June 16, 2007

Dave Barry: A Dangerous Man at Marquette

Filed under: Education,MSM Biz/Other Bias,MSM Biz/Other Ignorance — Tom @ 9:56 am

Fred Thompson’s latest ABC column comments on a situation that would be funny if it weren’t so sad:

….. There was a time when American universities were known as havens of free speech, places where controversial ideas could be expressed and discussed. Unfortunately, political correctness has crept into the halls of academia. Then it chained the doors and started duct taping the mouths of anybody who voiced unapproved opinions.

One of the strangest examples comes from Marquette University in Wisconsin — where a Dave Barry quip was banned. Last fall, Ph.D. student Stuart Ditsler printed out a short blurb from one of Barry’s humor columns and stuck it on his office door. It read, “As Americans we must always remember that we all have a common enemy, an enemy that is dangerous, powerful and relentless. I refer, of course, to the federal government.” Of course, anybody who has ever heard of Dave Barry would know that he wasn’t exactly suggesting insurrection.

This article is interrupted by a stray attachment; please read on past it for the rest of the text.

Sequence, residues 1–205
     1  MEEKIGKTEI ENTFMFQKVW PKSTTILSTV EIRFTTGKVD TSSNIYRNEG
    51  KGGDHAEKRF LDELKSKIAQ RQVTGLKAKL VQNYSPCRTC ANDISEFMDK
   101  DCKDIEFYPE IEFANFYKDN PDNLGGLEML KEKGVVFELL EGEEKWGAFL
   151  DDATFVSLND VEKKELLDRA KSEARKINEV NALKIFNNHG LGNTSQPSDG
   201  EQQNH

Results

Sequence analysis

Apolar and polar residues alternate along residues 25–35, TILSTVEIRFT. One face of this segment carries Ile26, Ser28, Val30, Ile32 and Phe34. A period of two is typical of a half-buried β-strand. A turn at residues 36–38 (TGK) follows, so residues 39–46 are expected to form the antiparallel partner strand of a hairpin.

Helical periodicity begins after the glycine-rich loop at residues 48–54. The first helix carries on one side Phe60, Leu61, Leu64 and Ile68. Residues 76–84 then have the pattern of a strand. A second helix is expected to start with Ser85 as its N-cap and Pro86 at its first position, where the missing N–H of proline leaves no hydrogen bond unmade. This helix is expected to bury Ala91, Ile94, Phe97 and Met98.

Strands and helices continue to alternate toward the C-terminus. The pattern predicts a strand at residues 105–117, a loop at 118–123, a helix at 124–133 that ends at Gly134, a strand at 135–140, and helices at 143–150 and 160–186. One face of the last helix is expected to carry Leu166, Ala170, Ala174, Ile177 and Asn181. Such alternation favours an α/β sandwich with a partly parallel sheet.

The head of Marquette’s philosophy department apparently didn’t get it. He took down Barry’s words and issued a statement that included the words, “while I am a strong supporter of academic freedom. I’m afraid that hallways and office doors are not free-speech zones.” Since then, the Marquette philosophy department has stuck to its stance that Barry’s words are “patently offensive,” despite the fact that lots of other doors had slogans pasted on them.

As is often true in situations such as these, there’s a lot more to the story. In this case, a little digging reveals not only a hypocritical academic mindset, but also shows that the next generation of journalists is on track to be even more biased than the current crop.

Shortly after the incident, John McAdams’ Marquette Warrior blog carried the initial e-mail response of Marquette Philosophy Chair James South, who admitted taking down the “patently offensive” quote.